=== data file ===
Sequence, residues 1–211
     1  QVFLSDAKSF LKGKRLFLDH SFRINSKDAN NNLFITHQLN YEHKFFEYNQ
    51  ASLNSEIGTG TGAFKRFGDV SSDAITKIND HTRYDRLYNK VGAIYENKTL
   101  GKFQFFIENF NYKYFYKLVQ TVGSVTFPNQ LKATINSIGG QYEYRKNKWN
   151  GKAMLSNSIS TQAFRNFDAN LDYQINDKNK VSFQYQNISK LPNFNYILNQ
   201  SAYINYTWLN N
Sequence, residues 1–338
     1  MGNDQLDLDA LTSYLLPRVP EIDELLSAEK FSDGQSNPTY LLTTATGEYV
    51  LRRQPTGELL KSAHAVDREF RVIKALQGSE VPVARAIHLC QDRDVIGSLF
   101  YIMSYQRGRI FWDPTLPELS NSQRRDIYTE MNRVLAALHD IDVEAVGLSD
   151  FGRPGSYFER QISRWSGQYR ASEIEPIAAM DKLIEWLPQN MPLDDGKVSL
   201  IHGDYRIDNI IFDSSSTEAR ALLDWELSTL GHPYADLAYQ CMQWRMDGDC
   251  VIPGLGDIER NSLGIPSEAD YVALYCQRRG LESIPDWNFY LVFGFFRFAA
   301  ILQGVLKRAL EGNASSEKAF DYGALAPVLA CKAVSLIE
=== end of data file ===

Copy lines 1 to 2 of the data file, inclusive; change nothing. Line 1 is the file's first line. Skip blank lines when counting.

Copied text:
Sequence, residues 1–211
     1  QVFLSDAKSF LKGKRLFLDH SFRINSKDAN NNLFITHQLN YEHKFFEYNQ